My sensibilities were comforted by this label on the side of the bottle:

My deceptive water bottle

I’d had pizza and a diet soda for lunch (both high in salt) so the fact that the bottle didn’t have any sodium was comforting. I smiled inwardly. Then my eyes wandered to the opposite side of the water label where I saw:

My deceptive water bottle

“Cody, ça vas?” My teacher had a concerned expression on her face as she looked at me from the front of the class. In my horror, I had probably done something ungentlemanly. “Oui, ça vas bien.” Then my brain went on auto pilot. “Et vous? Comment allez-vous?” Sodium Bicarbonate! SODIUM Bicarbonate which adds an “insignificant” amount of sodium! Whatever happened to that “Sodium Free” label with the heart? I almost coughed up the water right then. What a blatant act of deception! Anyone who cares about their health could take the time to flip the bottle over and find out what was really going on.

My curiosity piqued, I turned the bottle and began scrutinizing the label for other inconsistencies.

My deceptive water bottle

Some people might find this comforting. But for me, in my deception induced heightened state of alert, this was a clue. And an oxymoron. How in the world is osmosis reversed? We learn in biology that osmosis refers to the act of any liquid going down the concentration gradient (like water down a hill, only different). Without some serious magic or technology, it is impossible to reverse that. And the reversal is never natural.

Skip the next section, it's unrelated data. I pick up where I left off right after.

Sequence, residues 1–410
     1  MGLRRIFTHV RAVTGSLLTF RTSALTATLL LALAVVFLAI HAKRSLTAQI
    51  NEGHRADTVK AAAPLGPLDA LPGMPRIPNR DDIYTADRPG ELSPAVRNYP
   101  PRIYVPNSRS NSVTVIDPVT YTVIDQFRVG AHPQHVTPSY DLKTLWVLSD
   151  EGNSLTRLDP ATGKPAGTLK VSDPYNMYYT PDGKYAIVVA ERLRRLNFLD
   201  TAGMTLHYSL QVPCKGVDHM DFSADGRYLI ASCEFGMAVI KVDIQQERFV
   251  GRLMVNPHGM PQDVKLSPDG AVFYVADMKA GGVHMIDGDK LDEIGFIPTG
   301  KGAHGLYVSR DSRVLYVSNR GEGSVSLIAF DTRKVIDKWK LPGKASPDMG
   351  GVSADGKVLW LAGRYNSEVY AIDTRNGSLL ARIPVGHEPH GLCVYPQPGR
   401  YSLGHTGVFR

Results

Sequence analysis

My teacher interrupted my line of thinking to ask me a question. I mumbled out an answer that I and the rest of the class forgot almost as soon as it was uttered and returned to my aqua thoughts.

The front of the bottle advertised that the water was filtered using a microfilter (just below the sodium free notification and two pictures up in case you forgot). In my book, water cannot be both microfiltered and reversed osmosised. It’s impossible. They must have mixed up the bottles somewhere down the line.

I sighed and leaned back in my seat. No one paid any attention (At this point in the semester, I could come to class wearing a speedo and no one would bat an eyelash; there is one guy who might, but for the most part, no one would care.) and I rusticated in my disappointment. I had purchased this bottle of water as part of a thirty count case a week ago and I could think of no way to legally express my disappointment in a manner that would effectively relieve the stress. Then I saw it:

My deceptive water bottle